So it’s hard to imagine he was virtually unknown in 1973, arriving as basketball coach at the University of Detroit Mercy.
He started in 1959 as an elementary school coach in Garfield, N.J., moved up to head coach at Garfield High School for one season and then to East Rutherford High School, his alma mater. In 1971, he joined Dick Lloyd’s coaching staff as an assistant at Rutgers.
Two year later, he went to Detroit and a four-year career that changed his life and Titans basketball. In 2011, the school even dedicated its basketball court to Vitale.
He led Detroit to the best season in school history in his final year. The Titans won a school-record 26 games, and reached the NCAA Tournament’s Sweet 16.
The Titans also won 21 consecutive games, the longest winning streak in school history. That last game in The Streak, as it came to be known, was the sports moment judged the greatest in school history.
It helped set in motion a game-changer in sports broadcast history.
On Feb. 19, 1977, 15th-ranked Detroit tangled with No. 6 Marquette in Milwaukee. Al McGuire’s team led most of the way, including 63-62 with 35 second remaining. With Marquette holding the ball – this was in the days before the shot clock – Terry Tyler swatted the ball away from Marquette’s Bo Ellis and grabbed the loose ball.
“I’m just glad nobody called a foul,” said Tyler after the game. “I think I may have hit him, but I know I also got the ball.”
The Titans played for the final shot and Dennis Boyd hit a 20-foot jumper at the buzzer for a 64-63 victory, Vitale’s first against McGuire.
“I haven’t been this choked up since I lost my eye when I was a kid,” Vitale said after the game.
Another memorable moment followed. The guy who promised to stand on his head if Austin Peay upset Illinois in the 1987 NCAA Tournament — and did — kept a promise he made to the Titans.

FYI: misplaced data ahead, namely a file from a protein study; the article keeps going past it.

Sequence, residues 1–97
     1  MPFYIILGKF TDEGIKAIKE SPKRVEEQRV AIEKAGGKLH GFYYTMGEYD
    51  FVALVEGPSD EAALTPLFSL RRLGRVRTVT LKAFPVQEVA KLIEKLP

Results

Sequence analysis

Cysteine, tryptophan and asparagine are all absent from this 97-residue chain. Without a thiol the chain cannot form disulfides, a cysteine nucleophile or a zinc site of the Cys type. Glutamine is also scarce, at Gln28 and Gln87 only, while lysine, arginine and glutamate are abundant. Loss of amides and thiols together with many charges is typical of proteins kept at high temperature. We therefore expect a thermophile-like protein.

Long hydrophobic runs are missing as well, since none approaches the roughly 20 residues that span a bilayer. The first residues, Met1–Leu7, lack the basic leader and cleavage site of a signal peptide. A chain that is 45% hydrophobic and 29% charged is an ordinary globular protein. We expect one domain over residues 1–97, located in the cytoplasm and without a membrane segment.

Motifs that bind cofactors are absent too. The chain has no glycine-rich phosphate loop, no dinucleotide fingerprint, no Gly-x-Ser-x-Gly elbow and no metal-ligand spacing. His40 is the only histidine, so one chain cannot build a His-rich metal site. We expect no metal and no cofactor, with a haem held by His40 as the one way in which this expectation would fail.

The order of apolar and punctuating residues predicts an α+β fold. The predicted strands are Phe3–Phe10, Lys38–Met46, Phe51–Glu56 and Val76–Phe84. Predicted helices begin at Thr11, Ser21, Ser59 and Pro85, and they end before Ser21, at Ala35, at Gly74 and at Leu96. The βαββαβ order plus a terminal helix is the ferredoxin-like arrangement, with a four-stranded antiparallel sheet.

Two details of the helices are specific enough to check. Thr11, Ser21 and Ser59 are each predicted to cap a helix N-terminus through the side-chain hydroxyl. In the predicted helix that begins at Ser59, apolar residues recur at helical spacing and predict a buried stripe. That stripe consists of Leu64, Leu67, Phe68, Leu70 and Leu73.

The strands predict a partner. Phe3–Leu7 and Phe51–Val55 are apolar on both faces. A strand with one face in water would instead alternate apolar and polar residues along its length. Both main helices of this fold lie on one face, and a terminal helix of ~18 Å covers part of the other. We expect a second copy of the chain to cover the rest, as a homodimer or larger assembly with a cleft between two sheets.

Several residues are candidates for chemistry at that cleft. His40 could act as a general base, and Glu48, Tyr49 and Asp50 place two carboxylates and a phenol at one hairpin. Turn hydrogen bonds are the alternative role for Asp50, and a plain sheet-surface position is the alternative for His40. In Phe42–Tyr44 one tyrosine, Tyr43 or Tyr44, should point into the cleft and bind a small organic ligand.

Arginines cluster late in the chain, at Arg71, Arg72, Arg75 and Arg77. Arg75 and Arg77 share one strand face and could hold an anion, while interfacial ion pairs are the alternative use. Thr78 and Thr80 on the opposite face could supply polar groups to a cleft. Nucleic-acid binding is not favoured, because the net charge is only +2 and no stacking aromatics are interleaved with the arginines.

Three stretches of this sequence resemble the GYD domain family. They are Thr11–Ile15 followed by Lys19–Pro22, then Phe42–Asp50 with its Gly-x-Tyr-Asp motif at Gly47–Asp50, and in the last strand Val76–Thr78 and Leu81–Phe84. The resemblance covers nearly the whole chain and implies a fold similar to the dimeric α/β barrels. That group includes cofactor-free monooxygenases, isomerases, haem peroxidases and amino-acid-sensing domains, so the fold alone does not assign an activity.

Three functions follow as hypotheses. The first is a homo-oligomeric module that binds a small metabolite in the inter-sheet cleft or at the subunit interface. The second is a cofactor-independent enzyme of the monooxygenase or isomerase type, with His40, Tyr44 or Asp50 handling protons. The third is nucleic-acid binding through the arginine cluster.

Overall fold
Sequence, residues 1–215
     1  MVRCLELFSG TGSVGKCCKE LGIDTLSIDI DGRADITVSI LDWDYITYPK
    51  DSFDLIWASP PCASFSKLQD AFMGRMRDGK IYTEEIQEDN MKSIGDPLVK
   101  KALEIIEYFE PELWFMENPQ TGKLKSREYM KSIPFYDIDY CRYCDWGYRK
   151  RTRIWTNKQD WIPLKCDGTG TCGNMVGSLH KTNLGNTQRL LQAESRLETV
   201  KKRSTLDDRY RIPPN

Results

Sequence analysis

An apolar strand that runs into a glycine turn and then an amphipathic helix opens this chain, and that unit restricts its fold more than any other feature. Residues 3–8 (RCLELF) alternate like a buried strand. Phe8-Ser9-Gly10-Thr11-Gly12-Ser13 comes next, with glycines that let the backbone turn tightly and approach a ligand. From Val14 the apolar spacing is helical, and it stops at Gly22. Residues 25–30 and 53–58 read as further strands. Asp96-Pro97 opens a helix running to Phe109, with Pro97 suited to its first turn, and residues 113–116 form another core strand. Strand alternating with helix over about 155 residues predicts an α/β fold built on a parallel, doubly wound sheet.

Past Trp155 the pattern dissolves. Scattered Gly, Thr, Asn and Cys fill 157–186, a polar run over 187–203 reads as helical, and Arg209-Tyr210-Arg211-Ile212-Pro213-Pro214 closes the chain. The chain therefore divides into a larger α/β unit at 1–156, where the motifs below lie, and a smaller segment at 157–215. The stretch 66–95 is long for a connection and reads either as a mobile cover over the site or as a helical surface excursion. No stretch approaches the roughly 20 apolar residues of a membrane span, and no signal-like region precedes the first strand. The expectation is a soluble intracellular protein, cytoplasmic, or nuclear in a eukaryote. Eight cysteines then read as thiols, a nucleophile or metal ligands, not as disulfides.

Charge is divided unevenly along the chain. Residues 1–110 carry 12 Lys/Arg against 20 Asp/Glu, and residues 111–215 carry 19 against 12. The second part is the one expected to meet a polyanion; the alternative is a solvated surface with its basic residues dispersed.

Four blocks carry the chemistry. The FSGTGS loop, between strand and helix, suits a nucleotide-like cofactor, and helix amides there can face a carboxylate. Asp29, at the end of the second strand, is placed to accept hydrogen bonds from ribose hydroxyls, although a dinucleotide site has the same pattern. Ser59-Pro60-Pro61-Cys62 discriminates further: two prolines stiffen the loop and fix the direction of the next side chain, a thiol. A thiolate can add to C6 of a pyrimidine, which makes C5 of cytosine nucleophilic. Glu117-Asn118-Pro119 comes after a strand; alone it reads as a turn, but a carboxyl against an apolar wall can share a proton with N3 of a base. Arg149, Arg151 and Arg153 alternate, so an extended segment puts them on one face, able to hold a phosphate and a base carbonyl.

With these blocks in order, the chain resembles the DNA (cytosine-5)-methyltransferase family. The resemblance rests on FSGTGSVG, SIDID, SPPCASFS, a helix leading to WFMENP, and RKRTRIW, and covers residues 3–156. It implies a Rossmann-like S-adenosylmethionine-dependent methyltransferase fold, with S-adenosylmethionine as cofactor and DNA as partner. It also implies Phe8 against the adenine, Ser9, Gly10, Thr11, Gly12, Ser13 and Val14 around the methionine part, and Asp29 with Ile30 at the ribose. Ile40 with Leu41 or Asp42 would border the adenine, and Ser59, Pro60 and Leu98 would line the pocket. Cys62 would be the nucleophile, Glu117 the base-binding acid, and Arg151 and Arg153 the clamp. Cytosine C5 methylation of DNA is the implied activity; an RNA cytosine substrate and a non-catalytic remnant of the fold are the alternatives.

To help his players relax before the Marquette game, Vitale told them he would dance at center court after — not if — they won. When they did, Vitale recalled to the Associated Press in 2011, “The kids reminded me, ‘You said you were going to dance.’ So, I did a little Disco Dick for them.”
The victory against the eventual national champions helped send the Titans, who played then as an independent in NCAA Division I, to the Big Dance for the second time in school history.
Three future NBA players Vitale recruited to Detroit — Tyler, Terry Duerod and John Long — led the Titans to the Sweet 16 with a 93-76 rout of Middle Tennessee in the Mideast Region quarterfinals.
Next up was No. 1 Michigan, a team Vitale said would make the Titans “salivate” just at the thought of playing. “They would’ve died for the chance, but Michigan wouldn’t play us,” Vitale said in his book Living A Dream.
Now was their chance at the Mideast Region semifinals in Lexington, Ky. Before the game, Vitale spoke at a function attended by Scotty Connal, ESPN’s first head of production. After hearing Vitale, Connal made a note: “If I ever become head of a network and this guy’s not tied up, I want to give him a buzz.”
In the regional semifinal, Detroit nearly buzzed past Michigan. The Titans tied the game at 68 in the second half, but Michigan pulled away for an 86-81 victory. Long scored 25 points and Tyler added 17 for the Titans. Michigan’s Phil Hubbard set an NCAA Tournament record with 26 rebounds.
“Until my dying day, I will believe we cost Michigan that national championship because we played them in such an emotional, all-out Maalox Masher that went down to the final minute,” he said in Living A Dream. “We took so much out of them that they didn’t have anything left for UNC Charlotte and Cornbread Maxwell 36 hours later in the regional finals. They lost in a major upset.”
Vitale became Detroit’s athletic director following the season and left to become head coach of the NBA’s Detroit Pistons. After going 30-52 in Vitale’s first season, the Pistons started 4-8 in 1979 and Vitale was abruptly fired.
A couple weeks later, Connal gave Vitale a buzz and offered him a job at a fledgling sports network, ESPN. “That sounded like a disease,” Vitale said.
But after his wife talked him into it, Vitale accepted. He called ESPN’s first college basketball game — Wisconsin at DePaul on Dec. 5, 1979. He has called more than 1,000 since, with a passion that helped him get inducted into the Naismith Basketball Hall of Fame in 2008.
There’s even an online glossary of Vitale terms and teams, including Diaper Dandy (top freshman) and All-Marco Polo Team (best transfer players).
“I can’t run, I can’t jump, I can’t shoot, and yet I’m in 10 Halls of Fame because of passion,” he told the AP in 2011. “Passion plus hard work ethic plus good decision making equals wins in the game of life.”
Above and middle: Dick Vitale coaching his Detroit players. (Courtesy University of Detroit Mercy Archives)
THIS WEEK’S GREATEST MOMENTS
• Tuesday: Dartmouth and Davidson
• Wednesday: Dayton and Delaware
• Thursday: Denver and Detroit
• Friday: The Web Show starring The Judge